I've been seeing ice dams all over the Twin Cities, and I've heard from a number of homeowners who are having problems with ice dams right now. I've written about ice dams extensively on this blog, so I'm putting together links to my three main blog posts on ice dams in one place. The topics are how to prevent ice dams the right way, how to prevent ice dams from the outside if you can't prevent them the right way, and how to get rid of ice dams. I also have few more ice dam observations; file these under "advanced ice dam prevention".
Ice dams form when snow is melted on the roof, then freezes again at the eaves. The main reason the snow melts is because heat is getting to the roof decking from the house. Stop the heat transfer, and you'll probably stop the ice dams. The main way to stop the heat transfer is to have air sealing performed in the attic. The next step is to have insufficient insulation addressed. Finally, if venting is improper, consider fixing it... but venting only plays a small role. Ice dams are mostly about air leaks and insufficient insulation. Click this link for more information about preventing ice dams the right way.
If you live in a 1-1/2 story home in Minnesota, you probably get ice dams. There's not much that can be done to prevent ice dams the right way at this style of house, short of gutting the upper level and framing down, or tearing the roof off and framing up. Homes with vaulted ceilings and other inaccessible attic spaces can also be a real challenge. In these cases, ice dams may need to be controlled from the exterior. The standard way to do this is to get a roof rake and pull snow off the roof. When this is not practical, roof de-icing cables can be used, but should be considered a last resort. Click this link for more information about preventing ice dams from the exterior.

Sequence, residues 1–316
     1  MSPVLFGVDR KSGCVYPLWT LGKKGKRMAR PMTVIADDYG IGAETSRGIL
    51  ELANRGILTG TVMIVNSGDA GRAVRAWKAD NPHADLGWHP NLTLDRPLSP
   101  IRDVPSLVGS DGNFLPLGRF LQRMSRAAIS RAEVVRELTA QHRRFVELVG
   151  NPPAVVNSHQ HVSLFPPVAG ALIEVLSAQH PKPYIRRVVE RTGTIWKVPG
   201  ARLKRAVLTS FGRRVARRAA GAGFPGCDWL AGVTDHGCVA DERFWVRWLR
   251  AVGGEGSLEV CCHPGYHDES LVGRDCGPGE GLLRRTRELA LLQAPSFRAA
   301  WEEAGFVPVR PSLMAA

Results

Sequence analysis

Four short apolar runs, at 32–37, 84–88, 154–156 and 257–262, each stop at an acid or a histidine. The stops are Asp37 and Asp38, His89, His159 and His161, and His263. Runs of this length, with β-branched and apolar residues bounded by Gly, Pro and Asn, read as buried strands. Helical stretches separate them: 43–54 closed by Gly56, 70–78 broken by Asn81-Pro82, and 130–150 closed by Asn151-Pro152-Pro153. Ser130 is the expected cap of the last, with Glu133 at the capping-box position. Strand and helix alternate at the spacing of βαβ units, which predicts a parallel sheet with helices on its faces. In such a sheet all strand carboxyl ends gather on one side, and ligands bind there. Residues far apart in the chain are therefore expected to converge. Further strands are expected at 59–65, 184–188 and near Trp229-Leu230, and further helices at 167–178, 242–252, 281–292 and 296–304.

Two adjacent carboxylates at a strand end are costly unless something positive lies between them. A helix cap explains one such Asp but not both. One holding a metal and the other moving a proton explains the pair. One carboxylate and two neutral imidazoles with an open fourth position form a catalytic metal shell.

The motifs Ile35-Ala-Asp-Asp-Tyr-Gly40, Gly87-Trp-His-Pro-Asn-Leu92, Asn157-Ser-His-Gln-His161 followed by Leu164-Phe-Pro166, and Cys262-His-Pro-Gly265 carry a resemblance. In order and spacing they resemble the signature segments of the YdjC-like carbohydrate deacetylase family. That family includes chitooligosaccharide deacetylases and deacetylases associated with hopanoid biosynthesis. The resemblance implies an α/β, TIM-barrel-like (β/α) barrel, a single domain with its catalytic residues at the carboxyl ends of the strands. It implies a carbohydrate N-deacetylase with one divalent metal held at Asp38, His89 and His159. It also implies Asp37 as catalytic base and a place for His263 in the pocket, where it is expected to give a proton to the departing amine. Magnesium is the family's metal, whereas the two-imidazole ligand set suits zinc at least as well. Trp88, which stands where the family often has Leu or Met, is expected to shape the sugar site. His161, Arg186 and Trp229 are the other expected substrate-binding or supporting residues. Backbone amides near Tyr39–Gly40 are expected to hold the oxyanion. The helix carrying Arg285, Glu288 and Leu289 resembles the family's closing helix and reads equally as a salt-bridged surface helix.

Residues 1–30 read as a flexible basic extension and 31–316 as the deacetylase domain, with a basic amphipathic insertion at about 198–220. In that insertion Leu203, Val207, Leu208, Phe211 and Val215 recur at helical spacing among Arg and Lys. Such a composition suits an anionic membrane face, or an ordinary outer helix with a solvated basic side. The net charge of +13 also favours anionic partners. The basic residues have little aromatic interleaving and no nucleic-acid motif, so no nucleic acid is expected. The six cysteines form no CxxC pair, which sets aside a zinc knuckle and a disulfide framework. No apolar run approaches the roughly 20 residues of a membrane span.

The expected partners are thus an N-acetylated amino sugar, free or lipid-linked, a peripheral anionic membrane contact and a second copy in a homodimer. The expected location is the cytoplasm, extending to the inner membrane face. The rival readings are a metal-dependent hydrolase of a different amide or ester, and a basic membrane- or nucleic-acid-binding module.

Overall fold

There are plenty of hack methods for removing ice dams, so I tried 'em all out. The methods I discuss involve an axe, ice pick, pantyhose, salt tablets, heat cables, a pressure washer, and even a blowtorch… just for fun. I don't recommend any of these though. If ice dams need to be removed, hire a pro to steam them off. Don't let anyone near your roof with a pressure washer, or the shingles might end up like the ones shown below.
Click this link for more information about how to remove ice dams.
Here are a few more tips on preventing ice dams. These deal more with the design of a house than anything else.
Ventilation plays a small role when it comes to preventing ice dams, because vents can help to cool the roof temperature. The problem with roof valleys is that they can't be vented. If I were to design my own house, it would certainly be a big boring box with a plain hip roof; no valleys.
Valleys can't be vented, they have a lower slope than pitched roofs, and ice from two roof surfaces gets concentrated. Ice dams are always the worst at valleys. What happens when two valleys meet each other? The potential for ice dams goes way up. In my humble opinion, this is just plain stupid design when it comes to performance.
Oh, and don't get me started on what this means for water management during the summer... never mind, I already blogged about that: Have Your Builder Plan for Water Management.
What happens when bath fans and kitchen fans terminate at the roof? Snow melts when the fans run, of course. This leads to water running down underneath the snow, then freezing again at the eave. This can be a major contributor to ice dams. The way to avoid this is to have bath fans and kitchen fans terminate at walls, not roofs. This also applies to clothes dryers; while it has become standard practice to put laundry rooms on the second floor in new construction homes and terminate the vent at the roof, I think this is a bad place to terminate the dryer duct. It will melt a lot of snow, and there is usually no easy way to clean off the terminal.
Oh, and whatever you do, don't place vent terminals for bath fans, kitchen fans, or clothes dryers in a place where the melted snow will pile up in a valley. That's almost a sure way to get ice dams, even if everything else is done properly.
Author: Reuben Saltzman, Structure Tech Home Inspections